Nathan and I walked across the blooming valley and past the main Nabatean temple to hike to the Byzantine era monastery. We took a wrong turn on the trail and ended up at the ruins of a Crusader castle, sitting on top of a pillar of rock jutting hundreds of feet into the sky. With steep drop-offs on every side, and the sun half an hour away from being directly overhead, we decided to have lunch. The only three other people at the castle were also eating, and they invited us to join them. They were Americans, from the Midwest and the West Coast. They asked us who we are and what we do. We were eager to safely confide in someone that we are Jews, Rabbinical students, and are living in Israel. We asked them who they were, and they told us they teach English in an unremarkable Jordanian city a few hours from Petra. ‘How do you become an English teacher in Jordan?’ ‘You just show up,’ and they all laughed uneasily. ‘What have you learned so far?’ ‘I’m not as self-reliant as I thought I was.’ ‘What’s it like being an American woman in Jordan?’ ‘Sometimes you’re aware of it, especially when you realize there are no other women in public spaces. Sometimes I feel unsafe, but it’s not Saudi Arabia.’ They finished lunch and headed down the cliff for their next hike. Nathan told me that he thought one of them was gay. No straight man takes that much care of his appearance. I felt my own scraggly half beard and agreed. While we hiked down, we joked about the proper protocol for asking someone if they’re gay while sitting in castle ruins in Jordan.
After a tough hike to the monastery, Nathan and I sat down in the sand for our second lunch. We were joined by a young American man, a Menonite from Oregon who had just spent a few months working for Messianic Jews in the Baptist Village by Petah Tikvah in Israel. He told us that the Haredim (ultra-Orthodox) spit on them in the streets. We told him that we were Rabbinical students, and seeing that we were not Haredim, he felt comfortable to talk openly with us. He said that while there are Christians in the States who don’t think the Jews’ covenant between Abraham and God still holds, he does. And then he asked me the question that every fundamentalist Christian inevitably asks me, “Why don’t you Jews accept Jesus Christ as your lord and savior?” I wanted to give the answer I always want to give: Because after 2,000 years of crusades, inquisitions, blood libels, and holocausts, I don’t want to ever be more like you. I bit my tongue though, as I always do, and gave my standard answer: If Jesus were the Messiah, the entire world order would have been flipped upside down. Empire would crumble, and life for the last, the least, and the lost would be forever improved. Since that hasn’t happened, Jesus could not have been the Messiah. He said that will all happen when Jesus comes back. I told him that when that happens, I will gladly reconsider my position. He seemed satisfied, as if it’s only a matter of time before Jesus returns.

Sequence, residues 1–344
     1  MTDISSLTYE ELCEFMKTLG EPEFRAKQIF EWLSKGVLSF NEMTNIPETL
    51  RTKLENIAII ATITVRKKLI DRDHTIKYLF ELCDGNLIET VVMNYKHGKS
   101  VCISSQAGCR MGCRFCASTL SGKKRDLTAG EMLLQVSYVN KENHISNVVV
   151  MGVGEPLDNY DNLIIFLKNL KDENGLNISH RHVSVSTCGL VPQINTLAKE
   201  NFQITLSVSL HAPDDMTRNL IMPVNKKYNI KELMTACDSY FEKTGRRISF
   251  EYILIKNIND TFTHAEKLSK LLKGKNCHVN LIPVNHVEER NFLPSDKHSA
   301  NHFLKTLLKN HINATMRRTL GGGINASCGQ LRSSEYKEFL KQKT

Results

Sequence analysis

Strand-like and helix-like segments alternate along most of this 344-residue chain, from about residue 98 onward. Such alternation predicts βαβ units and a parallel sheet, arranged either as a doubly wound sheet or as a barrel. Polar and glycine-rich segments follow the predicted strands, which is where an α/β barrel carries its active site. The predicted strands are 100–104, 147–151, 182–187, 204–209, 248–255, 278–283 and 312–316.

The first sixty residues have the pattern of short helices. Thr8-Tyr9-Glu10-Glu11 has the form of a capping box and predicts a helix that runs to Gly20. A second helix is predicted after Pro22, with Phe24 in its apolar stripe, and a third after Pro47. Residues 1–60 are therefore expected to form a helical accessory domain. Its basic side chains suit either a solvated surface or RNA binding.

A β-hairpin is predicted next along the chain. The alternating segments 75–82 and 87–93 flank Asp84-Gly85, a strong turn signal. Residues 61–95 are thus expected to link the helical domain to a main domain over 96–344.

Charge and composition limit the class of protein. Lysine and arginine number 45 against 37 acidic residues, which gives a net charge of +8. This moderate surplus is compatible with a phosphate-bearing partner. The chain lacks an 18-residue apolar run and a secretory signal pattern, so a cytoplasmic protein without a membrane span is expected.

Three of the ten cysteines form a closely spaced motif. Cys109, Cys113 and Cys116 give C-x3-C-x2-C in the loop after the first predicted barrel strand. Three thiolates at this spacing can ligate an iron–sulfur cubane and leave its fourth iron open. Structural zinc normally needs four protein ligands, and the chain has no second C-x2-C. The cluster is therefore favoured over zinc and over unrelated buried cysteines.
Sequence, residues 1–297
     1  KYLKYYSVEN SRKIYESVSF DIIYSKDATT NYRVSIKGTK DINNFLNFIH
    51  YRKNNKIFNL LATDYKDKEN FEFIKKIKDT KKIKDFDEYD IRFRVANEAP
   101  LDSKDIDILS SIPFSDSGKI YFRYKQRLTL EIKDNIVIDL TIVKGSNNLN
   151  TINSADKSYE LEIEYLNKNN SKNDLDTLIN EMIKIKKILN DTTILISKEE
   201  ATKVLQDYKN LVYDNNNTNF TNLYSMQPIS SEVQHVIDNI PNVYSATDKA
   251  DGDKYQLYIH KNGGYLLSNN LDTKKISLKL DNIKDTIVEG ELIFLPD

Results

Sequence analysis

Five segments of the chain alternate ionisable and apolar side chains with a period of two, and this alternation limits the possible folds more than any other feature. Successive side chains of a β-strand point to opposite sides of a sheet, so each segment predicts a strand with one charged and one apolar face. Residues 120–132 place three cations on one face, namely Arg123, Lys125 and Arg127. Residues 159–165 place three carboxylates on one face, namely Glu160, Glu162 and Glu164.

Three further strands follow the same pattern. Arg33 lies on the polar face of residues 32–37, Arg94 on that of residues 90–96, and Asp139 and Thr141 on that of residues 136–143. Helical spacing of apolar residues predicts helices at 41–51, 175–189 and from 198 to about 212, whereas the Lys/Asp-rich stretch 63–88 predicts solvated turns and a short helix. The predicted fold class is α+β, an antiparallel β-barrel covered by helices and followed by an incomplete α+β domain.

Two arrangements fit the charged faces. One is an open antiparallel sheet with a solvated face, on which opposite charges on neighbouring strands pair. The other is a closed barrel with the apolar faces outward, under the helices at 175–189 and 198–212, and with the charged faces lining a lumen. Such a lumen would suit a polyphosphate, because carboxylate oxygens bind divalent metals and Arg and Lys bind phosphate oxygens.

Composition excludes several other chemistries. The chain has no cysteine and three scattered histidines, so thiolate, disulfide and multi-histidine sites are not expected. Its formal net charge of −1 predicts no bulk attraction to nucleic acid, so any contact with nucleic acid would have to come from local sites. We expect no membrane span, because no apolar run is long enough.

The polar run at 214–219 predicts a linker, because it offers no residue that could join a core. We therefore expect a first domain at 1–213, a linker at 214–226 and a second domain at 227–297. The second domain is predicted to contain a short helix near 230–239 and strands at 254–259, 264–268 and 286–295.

After hiking back down from the monastery, we headed across the valley toward the amphitheater and made a left turn toward the winged lion temple. We summited the hill to find an archaeological team digging out the still covered temple. An older member of the team came over to talk with us, and he recommended we go see the Byzantine Church on the other side of the hill. Nathan and I trekked to the Church, and while we were staring slack jawed at the beautiful preserved mosaic floors, the old archaeologist came over to talk with us. Him and his father worked together to unearth the Church back in the 1980’s. I asked him how long his family had been in the area. He said about 3,000 years. I imagined his ancestors carving the caves in the cliffs, welcoming traders and depositing tariffs in the Treasury, building the amphitheater and the temples, then the church and the monastery, then the crusader castle, then being shepherds, and now archaeologists. It was like talking to a James Michener character. He talked about how Jews, Christians, and Muslims are all very similar because they believe in the same God. I imagined his ancestors thinking similarly as they may have been Jews, then Christians, and now Muslims, changing gracefully with the tides of history. He asked what we were. We told him we were Jewish, the only time we trusted that information to a local. He asked if we knew any Arabic, and I said a few phrases. He replied in Hebrew, and we talked about how similar the languages are. His cell phone rang, and he excused himself by saying in Hebrew, ‘regah regah,’ meaning ‘wait wait,’ or ‘one second.’